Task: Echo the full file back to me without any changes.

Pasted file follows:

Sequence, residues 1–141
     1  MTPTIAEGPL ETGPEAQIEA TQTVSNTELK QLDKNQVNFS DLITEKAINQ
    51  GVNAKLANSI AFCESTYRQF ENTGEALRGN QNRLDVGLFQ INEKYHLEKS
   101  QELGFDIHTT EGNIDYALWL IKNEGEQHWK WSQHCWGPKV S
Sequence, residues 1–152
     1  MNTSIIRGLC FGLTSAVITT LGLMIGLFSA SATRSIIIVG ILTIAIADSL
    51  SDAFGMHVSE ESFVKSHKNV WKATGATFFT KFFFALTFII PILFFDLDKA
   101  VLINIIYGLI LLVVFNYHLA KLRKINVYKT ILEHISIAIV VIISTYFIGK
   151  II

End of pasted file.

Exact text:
Sequence, residues 1–141
     1  MTPTIAEGPL ETGPEAQIEA TQTVSNTELK QLDKNQVNFS DLITEKAINQ
    51  GVNAKLANSI AFCESTYRQF ENTGEALRGN QNRLDVGLFQ INEKYHLEKS
   101  QELGFDIHTT EGNIDYALWL IKNEGEQHWK WSQHCWGPKV S
Sequence, residues 1–152
     1  MNTSIIRGLC FGLTSAVITT LGLMIGLFSA SATRSIIIVG ILTIAIADSL
    51  SDAFGMHVSE ESFVKSHKNV WKATGATFFT KFFFALTFII PILFFDLDKA
   101  VLINIIYGLI LLVVFNYHLA KLRKINVYKT ILEHISIAIV VIISTYFIGK
   151  II